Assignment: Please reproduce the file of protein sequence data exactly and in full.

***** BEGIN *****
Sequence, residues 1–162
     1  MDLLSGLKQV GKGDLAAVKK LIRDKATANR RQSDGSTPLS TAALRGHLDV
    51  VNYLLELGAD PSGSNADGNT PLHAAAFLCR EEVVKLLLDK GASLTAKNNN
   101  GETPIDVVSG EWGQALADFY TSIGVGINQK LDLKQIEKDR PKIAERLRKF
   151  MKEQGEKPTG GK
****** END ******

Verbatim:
Sequence, residues 1–162
     1  MDLLSGLKQV GKGDLAAVKK LIRDKATANR RQSDGSTPLS TAALRGHLDV
    51  VNYLLELGAD PSGSNADGNT PLHAAAFLCR EEVVKLLLDK GASLTAKNNN
   101  GETPIDVVSG EWGQALADFY TSIGVGINQK LDLKQIEKDR PKIAERLRKF
   151  MKEQGEKPTG GK